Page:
This was a cross-sectional study. Study site was the directly observed TB treatment (DOT) centers under the National TB Program (NTP) are responsible for a large proportion of TB care in Nepal. Due to resource constraints, this study has been confined to the DOT centers from Kathmandu District - the country capital. There are 113 DOT centers across Kathmandu district. All these DOT centers were included in the study. Study Population was the healthcare workers at the DOT Centers of Kathmandu District Sampling unit was the healthcare workers of the DOT centers of Kathmandu District. The objective of this study is to assess the burden of latent tuberculosis among the healthcare workers at directly observed TB treatment centers and describe the risk factors for the same.
The sample size was calculated by the formula n = Z2P(1-P)/ d2 where Z is level of confidence taken as 1.96, P is expected the prevalence of LTBI among the healthcare workers taken as 41% (the pooled prevalence value corresponding to the TB incidence of Nepal) and d is the degree of precision taken as 10%. The sample size thus derived was 93. Because the cluster sampling technique was applied, it was multiplied by the design effect of 2. An additional 20% non-response rate was estimated, and the final sample size was 223. With two healthcare workers per DOT center on average, the total number of study participants was226.
Inclusion criteria include healthcare workers at the DOT centers who encounter the patients with TB and healthcare workers without the prior or current history of TB. Exclusion criteria includes pregnant females and previous or current active tuberculosis.
The data collectors, after training, visited each DOT centers of Kathmandu District and identified the healthcare workers as the study participants. After obtaining informed written consent, the data collectors interviewed healthcare workers with a predesigned questionnaire. Those with no symptoms of TB were administered TST. The result was read in 72 hours and recorded in millimeters. To increase the sensitivity, the TST reading of ≥ 5 mm was regarded as positive TST and samples were collected for IGRA. Those who had one or more symptoms of active TB under went further evaluation for active TB by X-Ray Chest and sputum smear examination for AFB. Those study participants in whom active TB was ruled out underwent the interview and TST administration as other study participants. Those healthcare workers who had positive TST underwent IGRA (QuantiFERON TB Gold). The data collector obtained a whole blood sample from these healthcare workers and subjected to IGRA at the outsourced laboratory. Those with positive IGRA were regarded as having LTBI. These study participants were offered a three-month course of Isoniazid and Rifampin therapy. Those with negative TST were regarded as having no LTBI and no further testing was done.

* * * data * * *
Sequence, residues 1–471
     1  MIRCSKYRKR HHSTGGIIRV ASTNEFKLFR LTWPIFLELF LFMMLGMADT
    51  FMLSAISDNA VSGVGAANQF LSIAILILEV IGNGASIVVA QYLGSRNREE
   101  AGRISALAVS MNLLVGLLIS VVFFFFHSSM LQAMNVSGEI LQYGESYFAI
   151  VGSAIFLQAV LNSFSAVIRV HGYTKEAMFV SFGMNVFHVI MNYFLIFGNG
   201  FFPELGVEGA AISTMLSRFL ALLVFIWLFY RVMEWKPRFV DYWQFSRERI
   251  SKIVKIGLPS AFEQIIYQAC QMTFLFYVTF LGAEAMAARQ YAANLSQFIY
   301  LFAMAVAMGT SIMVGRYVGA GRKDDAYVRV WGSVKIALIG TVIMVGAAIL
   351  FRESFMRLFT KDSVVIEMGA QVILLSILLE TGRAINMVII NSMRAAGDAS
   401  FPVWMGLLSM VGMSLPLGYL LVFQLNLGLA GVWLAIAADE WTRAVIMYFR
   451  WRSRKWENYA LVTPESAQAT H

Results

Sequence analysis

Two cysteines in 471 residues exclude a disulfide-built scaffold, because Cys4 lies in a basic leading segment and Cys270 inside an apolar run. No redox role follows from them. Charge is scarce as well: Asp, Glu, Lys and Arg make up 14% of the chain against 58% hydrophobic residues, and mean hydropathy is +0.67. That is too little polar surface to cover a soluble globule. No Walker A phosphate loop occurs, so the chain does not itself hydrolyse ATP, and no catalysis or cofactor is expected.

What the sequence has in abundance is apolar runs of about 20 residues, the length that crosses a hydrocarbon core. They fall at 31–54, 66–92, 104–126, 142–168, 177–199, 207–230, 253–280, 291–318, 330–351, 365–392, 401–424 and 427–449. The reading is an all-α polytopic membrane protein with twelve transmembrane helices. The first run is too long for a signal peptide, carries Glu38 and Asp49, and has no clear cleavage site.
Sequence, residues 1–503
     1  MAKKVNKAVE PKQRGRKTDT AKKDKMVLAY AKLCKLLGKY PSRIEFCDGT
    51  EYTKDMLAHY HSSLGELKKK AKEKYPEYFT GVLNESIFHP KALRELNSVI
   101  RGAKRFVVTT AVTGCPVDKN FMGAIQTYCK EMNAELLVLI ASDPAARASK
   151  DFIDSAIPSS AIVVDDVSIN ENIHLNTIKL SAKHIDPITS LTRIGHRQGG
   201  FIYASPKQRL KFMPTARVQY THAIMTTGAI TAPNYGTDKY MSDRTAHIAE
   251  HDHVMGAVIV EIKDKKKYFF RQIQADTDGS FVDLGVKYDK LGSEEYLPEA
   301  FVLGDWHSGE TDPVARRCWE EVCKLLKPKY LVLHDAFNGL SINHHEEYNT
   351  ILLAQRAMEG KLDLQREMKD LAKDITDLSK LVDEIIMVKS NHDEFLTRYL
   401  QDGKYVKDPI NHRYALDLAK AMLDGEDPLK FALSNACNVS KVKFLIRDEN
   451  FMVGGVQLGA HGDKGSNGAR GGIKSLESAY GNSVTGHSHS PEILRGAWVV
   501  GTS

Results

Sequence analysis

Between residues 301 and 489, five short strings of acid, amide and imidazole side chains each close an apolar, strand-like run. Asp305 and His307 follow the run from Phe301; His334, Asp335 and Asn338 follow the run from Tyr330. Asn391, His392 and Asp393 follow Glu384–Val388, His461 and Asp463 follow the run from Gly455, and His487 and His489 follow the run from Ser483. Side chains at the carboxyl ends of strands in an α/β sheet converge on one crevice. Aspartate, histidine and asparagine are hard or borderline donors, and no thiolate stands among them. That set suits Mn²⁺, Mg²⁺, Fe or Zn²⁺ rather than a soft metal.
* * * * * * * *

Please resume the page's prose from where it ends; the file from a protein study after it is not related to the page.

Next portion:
Data entry was done in Microsoft Excel 2016 and analyzed in R (R Core Team (2019). R Foundation for Statistical Computing, Vienna, Austria). Descriptive statistics were used to summarize the sociodemographic and other characteristics of the study participants using mean (±Standard Deviation [SD]) or median (Inter-Quartile Range [IQR]) for continuous variables and proportions for categorical variables. Appropriate univariate statistical tests were used to assess the association of LTBI with the potential risk factors from earlier studies using the odds ratio as a measure of association. The factors found significantly associated with LTBI in the univariate analyses were analyzed further by binary logistic regression and the adjusted odds ratio was calculated. The goodness of fit was tested, and the accuracy of the model was determined along with its 95% CI. A p-value of less than 0.05 was considered significant. Ethical approval was obtained from the Nepal Health Research Council.
Among the 226 healthcare workers, two had symptoms (cough for more than two weeks) suggestive of active tuberculosis. The X-ray chest and sputum smear of these participants tested negative for active pulmonary tuberculosis. Therefore, all the 226 study participants were evaluated for LTBI and the data analyzed. There were 53(0.6%) data points missing. There were no systematic interactions between the missing data points.
The median age of the study participants was 40 years (IQR